CSO’s Beyond the Score “a pierre dream” – Review –Rich, Multi-layered Portrait of Boulez and His Music

 

About a year ago, Gerard McBurney, the Creative Director of Chicago Symphony Orchestra’s Beyond the Score series, flew to Los Angeles to pitch architectural great Frank Gehry to consider making a set for the first Beyond the Score program ever dedicated to a living artist, Pierre Boulez.  Gehry listened silently for 45 minutes or so and then invited the CSO visitors to his inner sanctum studio where he keeps his models.  There, Gehry steered them to his model of Pierre Boulez Hall in Berlin, an infinitely adaptable performance space commissioned by Daniel Barenboim.  Soon after, in seconds, Gehry drew his sketch for the set, which became the program cover for this event and the first sign that this was a new incarnation for the ever innovative Beyond the Score Team.

 

 

When you first gazed at the stage you saw Gehry’s stamp at once. Instead of one screen above, there were many panels, each showing Boulez at different ages and morphing at slow speed into another image.  Meanwhile decorative light patterns populated the stage.  The orchestra members were fit between the set, as opposed to the other way around.

 

How perfect that an architect whose Pritzker Pavilion stamp on Millennium Park may now be the most iconic image of the city skyline played such a key role to this multimedia homage to Boulez’s music.  From Boulez’s own words we learned that he often thought of his music being akin to the new materials that the 20th Century provided for construction—steel and glass, for example, in lieu of simple bricks and wood.

 

 

It’s in that context that one hears the new-to-the-world chord juxtapositions in Boulez’s music.  The program included excerpts from Boulez’s:  “Incises (2001); “Dérive 2” (2009); “une page d’éphéméride” (2005); “Anthèmes” (1992); “Messagesquisse” (1977); “Dérive 1” (1984); and several works inspired by the French poet Mallarmé.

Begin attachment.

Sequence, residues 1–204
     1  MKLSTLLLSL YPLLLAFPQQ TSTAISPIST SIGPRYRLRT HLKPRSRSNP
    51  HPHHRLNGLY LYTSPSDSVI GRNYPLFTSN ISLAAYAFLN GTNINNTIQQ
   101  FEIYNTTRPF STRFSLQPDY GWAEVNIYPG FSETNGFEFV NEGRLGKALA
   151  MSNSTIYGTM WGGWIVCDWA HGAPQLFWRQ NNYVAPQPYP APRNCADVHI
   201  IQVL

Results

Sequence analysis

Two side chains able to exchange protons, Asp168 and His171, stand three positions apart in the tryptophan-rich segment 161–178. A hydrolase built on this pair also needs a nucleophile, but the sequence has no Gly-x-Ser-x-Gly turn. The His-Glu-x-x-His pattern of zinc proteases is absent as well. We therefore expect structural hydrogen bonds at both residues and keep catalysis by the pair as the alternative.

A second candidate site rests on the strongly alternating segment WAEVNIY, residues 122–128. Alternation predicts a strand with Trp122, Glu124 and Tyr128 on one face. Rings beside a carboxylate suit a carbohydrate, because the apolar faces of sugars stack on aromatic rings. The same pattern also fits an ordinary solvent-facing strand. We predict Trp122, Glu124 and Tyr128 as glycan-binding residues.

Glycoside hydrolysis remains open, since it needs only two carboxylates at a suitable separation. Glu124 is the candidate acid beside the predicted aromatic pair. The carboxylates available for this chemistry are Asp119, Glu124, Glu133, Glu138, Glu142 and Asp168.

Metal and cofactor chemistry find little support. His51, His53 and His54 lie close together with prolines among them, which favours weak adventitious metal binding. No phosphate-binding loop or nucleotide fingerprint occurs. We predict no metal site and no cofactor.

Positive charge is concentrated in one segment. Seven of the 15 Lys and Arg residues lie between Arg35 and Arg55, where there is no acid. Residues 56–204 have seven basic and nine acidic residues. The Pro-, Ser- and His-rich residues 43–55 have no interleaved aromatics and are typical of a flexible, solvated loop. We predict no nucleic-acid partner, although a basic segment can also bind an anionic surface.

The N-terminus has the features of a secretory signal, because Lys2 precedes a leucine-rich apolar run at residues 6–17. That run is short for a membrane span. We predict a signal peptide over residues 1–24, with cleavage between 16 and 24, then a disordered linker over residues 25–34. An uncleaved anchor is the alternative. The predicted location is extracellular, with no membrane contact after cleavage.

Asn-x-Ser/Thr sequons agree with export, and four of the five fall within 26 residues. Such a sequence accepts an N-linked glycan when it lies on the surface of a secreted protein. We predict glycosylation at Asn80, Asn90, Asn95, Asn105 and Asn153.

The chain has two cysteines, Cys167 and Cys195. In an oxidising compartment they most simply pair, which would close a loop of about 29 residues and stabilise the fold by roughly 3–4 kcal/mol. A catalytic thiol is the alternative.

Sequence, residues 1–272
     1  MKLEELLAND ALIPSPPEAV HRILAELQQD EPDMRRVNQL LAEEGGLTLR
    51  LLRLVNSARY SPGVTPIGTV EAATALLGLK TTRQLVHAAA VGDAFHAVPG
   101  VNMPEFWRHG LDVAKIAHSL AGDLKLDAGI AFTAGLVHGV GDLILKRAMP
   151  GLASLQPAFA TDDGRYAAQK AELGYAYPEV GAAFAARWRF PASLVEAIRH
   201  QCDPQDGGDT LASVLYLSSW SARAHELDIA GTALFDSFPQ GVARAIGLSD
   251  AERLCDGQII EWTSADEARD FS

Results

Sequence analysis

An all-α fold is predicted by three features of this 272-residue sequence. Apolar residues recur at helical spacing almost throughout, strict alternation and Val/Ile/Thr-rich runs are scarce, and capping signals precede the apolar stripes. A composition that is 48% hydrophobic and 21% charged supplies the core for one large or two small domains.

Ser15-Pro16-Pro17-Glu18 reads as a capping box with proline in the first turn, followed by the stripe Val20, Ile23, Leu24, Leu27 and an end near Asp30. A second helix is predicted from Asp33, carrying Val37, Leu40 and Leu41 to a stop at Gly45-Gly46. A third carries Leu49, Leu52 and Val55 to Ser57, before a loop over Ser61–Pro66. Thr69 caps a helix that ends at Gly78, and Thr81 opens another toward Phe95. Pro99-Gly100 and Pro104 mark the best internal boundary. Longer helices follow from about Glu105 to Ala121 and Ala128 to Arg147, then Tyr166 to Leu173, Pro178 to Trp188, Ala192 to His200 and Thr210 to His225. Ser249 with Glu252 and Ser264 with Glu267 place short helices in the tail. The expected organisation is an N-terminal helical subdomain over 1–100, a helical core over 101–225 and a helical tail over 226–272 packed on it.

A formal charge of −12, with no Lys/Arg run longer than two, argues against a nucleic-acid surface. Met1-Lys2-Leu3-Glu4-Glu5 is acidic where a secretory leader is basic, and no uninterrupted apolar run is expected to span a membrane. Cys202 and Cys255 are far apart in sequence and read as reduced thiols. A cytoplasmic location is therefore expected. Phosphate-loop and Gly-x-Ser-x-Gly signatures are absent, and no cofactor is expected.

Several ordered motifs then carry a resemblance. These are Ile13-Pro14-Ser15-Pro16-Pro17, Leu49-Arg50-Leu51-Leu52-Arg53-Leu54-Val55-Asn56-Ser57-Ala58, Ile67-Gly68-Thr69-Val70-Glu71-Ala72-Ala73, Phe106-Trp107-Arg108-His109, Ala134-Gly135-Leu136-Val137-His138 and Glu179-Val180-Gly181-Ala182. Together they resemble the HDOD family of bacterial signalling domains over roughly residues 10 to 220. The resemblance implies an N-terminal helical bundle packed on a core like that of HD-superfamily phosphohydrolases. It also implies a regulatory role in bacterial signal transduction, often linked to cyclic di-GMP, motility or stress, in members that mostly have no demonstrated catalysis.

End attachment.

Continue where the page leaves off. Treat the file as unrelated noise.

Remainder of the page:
For some this was a fitting tribute to a musician they consider a defining voice of 21st Century music.  For many who specifically subscribe to the Beyond the Score series to learn about classical music this was likely an introduction to music they had not heard before. 

 

 

By using Boulez himself to explain his explorations of hard intervals to change the vocabulary of harmony, we all—novices and longtime Boulez-schooled alike—gained a layered appreciation of how Boulez’ new sound grew from his drive to break out of any preconceived box.  Of his own and others genius Boulez said, paraphrasing, “In the first phase you are in the dark.  In the second phase you know it.  But when you go further and beyond “how” to “why” you are in the dark again.”    These words were woven like a poem through the program, as if to remind that we can learn of Boulez and his work but that the creative muse that brings his work to life, just as with any artist, remains shrouded in mystery.

 

 

But perhaps what packed the most wallop in this program was the tightly interwoven video projections.  At times we were watching patterns on the panels move with the music, or at times seeming to make the music move, somewhat akin to expressionist art works like “Lumia Suite” by Thomas Wilfred that aimed to mold art to the form of music in the early 1970’s. 

 

At other times one of the actors who had been moving the panels around as the Boulez story was told would use his i-phone as a camera to project live images of the musicians playing shot from behind and projected in slightly sepia-tinged black and white. 

 

 

This was visual confection throughout, interrupted here or there for actors to excerpt Boulez center stage or by piano’s side up front, or of course for Boulez’ excerpted music erupting from the stage’s edges with memorable solos by clarinet (John Bruce Yeh), violin (Robert Chen) soprano (Mellissa Hughes), the percussionists (Cynthia Yeh, Doug Perkins, Ryan Kahlbaugh, Patricia Dash, Charles Settle, and Stephen White), standing out among the full sounds of the ensemble.

 

 

Boulez turns 90 in 2015.  He was named principal guest conductor of the Chicago Symphony Orchestra in 1995 and later the Helen Regenstein Conductor Emeritus in 2006.  A more fitting tribute to Boulez than this first ever Beyond the Score program of a living artist is difficult to imagine. 

 

 

Click for this link to the Beyond The Score channel on the CSO’s Sounds and Stories website.

 

Beyond the Score and other CSO programming continues in Symphony Center through June. For information on future concerts and tickets call the box office at 312 294 3000 or visit the CSO website.

 

Chicago Symphony Orchestra

220 S. Michigan Avenue

Chicago, IL  60604

 

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Photos:  Todd Rosenberg

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